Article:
According to the example according to FIG. 10, in a first process step a fountain solution film that is constant in terms of thickness is generated over the useable width of the print carrier 10, the fountain solution film being reduced in terms of its layer thickness defined in a subsequent second step. The result is a uniform fountain solution layer with defined and very slight thickness. The subsequent structuring can thus be implemented with minimal energy and with invariable result. Overall, the print quality is thus increased. The advantages of the illustrated print device are that an immediate reaction to a change of the layer thickness of the fountain solution layer can layer, that a known and defined thickness of the fountain solution layer can be set, and that extremely thin fountain solution layers can be generated. The necessary structuring energy can also be minimized, in particular for digital printing methods.

Numerous further variations of the previously specified exemplary embodiments are possible. For example, both a continuous band 10′ and a cylinder 10″ as shown in FIG. 11 can be used as the print carrier 10. The transfer printing onto the carrier material can occur directly or under interposition of a rubber blanket cylinder or further intermediate cylinders for an ink separation. The layer thickness regulation according to the example according to FIG. 10 can also be used for the other examples. Likewise, a fixing of the applied ink with the aid of a fixing device can occur for the examples according to FIGS. 1 through 9. Furthermore, the cleaning station 46, the dampening system 18 and the image generation device can be inactively and actively interposed, for example via swinging.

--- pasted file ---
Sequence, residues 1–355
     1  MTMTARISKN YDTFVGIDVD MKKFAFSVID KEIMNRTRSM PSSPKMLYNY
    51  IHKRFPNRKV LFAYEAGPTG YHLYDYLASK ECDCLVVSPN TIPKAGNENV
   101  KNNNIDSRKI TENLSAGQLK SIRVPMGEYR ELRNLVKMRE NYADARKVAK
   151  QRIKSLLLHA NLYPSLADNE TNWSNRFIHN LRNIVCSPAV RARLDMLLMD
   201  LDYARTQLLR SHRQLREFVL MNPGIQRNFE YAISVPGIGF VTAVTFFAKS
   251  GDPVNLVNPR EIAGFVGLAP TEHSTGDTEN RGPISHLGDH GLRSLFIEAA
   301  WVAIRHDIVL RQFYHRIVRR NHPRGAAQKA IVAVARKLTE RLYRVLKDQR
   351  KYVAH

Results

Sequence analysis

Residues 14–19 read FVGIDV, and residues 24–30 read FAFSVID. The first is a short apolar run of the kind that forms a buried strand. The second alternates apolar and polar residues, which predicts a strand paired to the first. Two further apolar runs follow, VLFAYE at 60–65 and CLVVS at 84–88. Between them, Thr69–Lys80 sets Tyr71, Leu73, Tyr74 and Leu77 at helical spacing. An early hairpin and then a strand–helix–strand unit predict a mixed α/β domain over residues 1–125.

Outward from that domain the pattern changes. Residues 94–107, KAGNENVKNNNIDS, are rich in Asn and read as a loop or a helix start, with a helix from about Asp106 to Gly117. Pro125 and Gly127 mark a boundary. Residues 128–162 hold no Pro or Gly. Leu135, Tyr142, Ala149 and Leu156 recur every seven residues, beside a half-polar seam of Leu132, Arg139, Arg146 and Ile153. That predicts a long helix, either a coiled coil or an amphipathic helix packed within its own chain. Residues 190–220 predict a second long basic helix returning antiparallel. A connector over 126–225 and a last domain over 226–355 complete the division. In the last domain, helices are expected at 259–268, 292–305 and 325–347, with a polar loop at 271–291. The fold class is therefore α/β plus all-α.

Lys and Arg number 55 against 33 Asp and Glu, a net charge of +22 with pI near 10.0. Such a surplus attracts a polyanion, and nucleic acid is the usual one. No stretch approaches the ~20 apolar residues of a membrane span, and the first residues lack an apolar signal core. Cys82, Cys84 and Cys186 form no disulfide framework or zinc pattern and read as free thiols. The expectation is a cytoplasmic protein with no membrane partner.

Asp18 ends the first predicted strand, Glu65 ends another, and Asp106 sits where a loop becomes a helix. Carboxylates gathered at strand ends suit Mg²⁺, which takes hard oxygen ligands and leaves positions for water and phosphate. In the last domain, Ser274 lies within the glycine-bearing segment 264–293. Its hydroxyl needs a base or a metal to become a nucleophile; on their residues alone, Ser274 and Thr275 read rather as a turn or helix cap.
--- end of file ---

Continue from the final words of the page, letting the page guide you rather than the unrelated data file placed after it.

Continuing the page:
While preferred embodiments have been illustrated and described in detail in the drawings and foregoing description, the same are to be considered as illustrative and not restrictive in character, it being understood that only the preferred embodiments have been shown and described and that all changes and modifications that come within the spirit of the invention both now or in the future are desired to be protected.

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Classifications
U.S. Classification101/465, 101/450.1, 101/478, 101/487
International ClassificationB41N3/00, B41C1/10
Cooperative ClassificationB41J29/17, B41C1/10, B41N3/006
European ClassificationB41J29/17, B41C1/10, B41N3/00B
Legal Events
DateCodeEventDescription
Apr 6, 2005ASAssignment
Owner name: OCE PRINTING SYSTEMS GMBH, GERMANY
Free format text: ASSIGNMENT OF ASSIGNORS INTEREST;ASSIGNORS:BERG, MARTIN;KATTNER, ERICH;LINK, ROBERT;REEL/FRAME:016488/0160;SIGNING DATES FROM 20040825 TO 20040915
Sep 14, 2010FPAYFee payment
Year of fee payment: 4
Oct 31, 2014REMIMaintenance fee reminder mailed
Mar 20, 2015LAPSLapse for failure to pay maintenance fees
May 12, 2015FPExpired due to failure to pay maintenance fee
Effective date: 20150320